I can't remember a time I went to the Seattle International Film Festival (SIFF) press launch and looked over the list of films and saw so many I was interested in seeing. The claim to fame for over the years is to call it the largest and most-highly attended festival in the United States. This is a fact I've often taken issue with as I don't equate quantity with quality.
Granted, there has been a large number of quality features to play the fest over the years, including Golden Space Needle (Best Film) winners such as Kiss of the Spider Woman (1985), My Life as a Dog (1987), Trainspotting (1996), Run Lola Run (1999), Whale Rider (2003) and even recent Best Director winner, Michel Hazanavicius's OSS 117: Nest of Spies in 2006. That said, looking over this year's crop of films I see a lot of films I will be doing my absolute best to see.
First, out of 5,676 films submitted, there will be 273 feature films playing the fest from 75 different countries. Of these, 180 do not yet have distribution and 85 of them are directed by female filmmakers, up from 62 last year, a point the fest was sure to make in their press release.
Opening the festival will be Lynn Shelton's Your Sister's Sister starring Emily Blunt, Rosemarie DeWitt, Mark Duplass and Mike Birbiglia. The closing night feature is the Seattle-shot Grassroots from director Stephen Gyllenhaal and starring Jason Biggs, Joel David Moore, Lauren Ambrose, Tom Arnold and The Avengers co-star Cobie Smulders.
Other notable films that will have Gala Presentations include Lola Versus from director Daryl Wein starring Greta Gerwig, Joel Kinnaman, Hamish Linklater and Debra Winger; The Details from director Jacob Aaron Estes and was also shot in the Seattle area; Matthew Lillard's Seattle-shot directorial debut Fat Kid Rules the World; Alex de la Iglesia's As Luck Would Have It starring Salma Hayek; Ken Scott's Starbuck; Jonathan Lisecki's Gayby; and Robot and Frank from director Jake Schreier and starring Frank Langella, Susan Sarandon, James Marsden, Liv Tyler and Peter Sarsgaard.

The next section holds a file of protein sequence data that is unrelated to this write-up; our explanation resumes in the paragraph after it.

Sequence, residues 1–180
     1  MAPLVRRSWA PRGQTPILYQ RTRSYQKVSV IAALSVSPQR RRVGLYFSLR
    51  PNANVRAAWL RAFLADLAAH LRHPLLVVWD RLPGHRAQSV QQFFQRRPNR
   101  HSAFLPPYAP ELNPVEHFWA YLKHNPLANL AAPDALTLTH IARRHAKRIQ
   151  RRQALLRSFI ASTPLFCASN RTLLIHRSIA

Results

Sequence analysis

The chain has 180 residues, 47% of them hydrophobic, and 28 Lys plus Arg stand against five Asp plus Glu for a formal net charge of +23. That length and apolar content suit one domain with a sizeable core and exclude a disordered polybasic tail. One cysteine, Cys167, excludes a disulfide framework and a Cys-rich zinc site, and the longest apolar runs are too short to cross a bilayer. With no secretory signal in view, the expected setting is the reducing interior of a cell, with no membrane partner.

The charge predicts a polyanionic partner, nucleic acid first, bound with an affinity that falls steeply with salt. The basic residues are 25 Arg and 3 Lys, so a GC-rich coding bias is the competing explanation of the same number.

Among the special presentations, Disney and Pixar will bring in Brave, Dreamworks will feature the directorial debut of Transformers and Star Trek co-writer Alex Kurtzman's People Like Us which stars Chris Pine and Elizabeth Banks, and Michael Winterbottom's much talked about Trishna starring Freida Pinto.
And that is just the special stuff, there's more.
Among the films I've already seen, the fantastic Spanish-language animated feature Wrinkles will play the fest. A film I saw at Cannes last year and loved (read my review here), Polisse, is playing as is the sci-fi, comedic curiosity Extraterrestrial which I saw in Toronto last year (read my review here).
I already mentioned how Sissy Spacek and William Freidkin will be honored at this year's fest and, as expected, along with Freidkin's new film Killer Joe (read my review here), The Exorcist and The French Connection will play and for Spacek there will be screenings of Carrie and Coal Miner's Daughter. It's also interesting to see Terrence Malick's Badlands is playing.
As for some of the other titles I'm looking forward to there's Julie Delpy's 2 Days in New York, Bel Ami starring Robert Pattinson, the Duplass brothers' The Do-Deca-Pentathlon, the very cool looking documentary The Imposter, Josh Radnor's Liberal Arts starring Elizabeth Olsen, Colin Trevorrow's Sundance hit Safety Not Guaranteed, Sarah Polley's Take This Waltz, the horror mash-up V/H/S and Andrea Arnold's Wuthering Heights.
Add to that Wes Anderson's Moonrise Kingdom and Benh Zeitlin's stand-out Sundance feature Beasts of the Southern Wild, both of which I will be seeing at Cannes, and you really have one hell of a line-up and that's not the end of it.
Unfortunately, like the last couple of years I will have to do my best to catch what I can, when I can as about half of the fest coincides with my time in France, but I can honestly say this year they have grabbed my attention.
On page two I have included the complete feature film line-up as announced just today.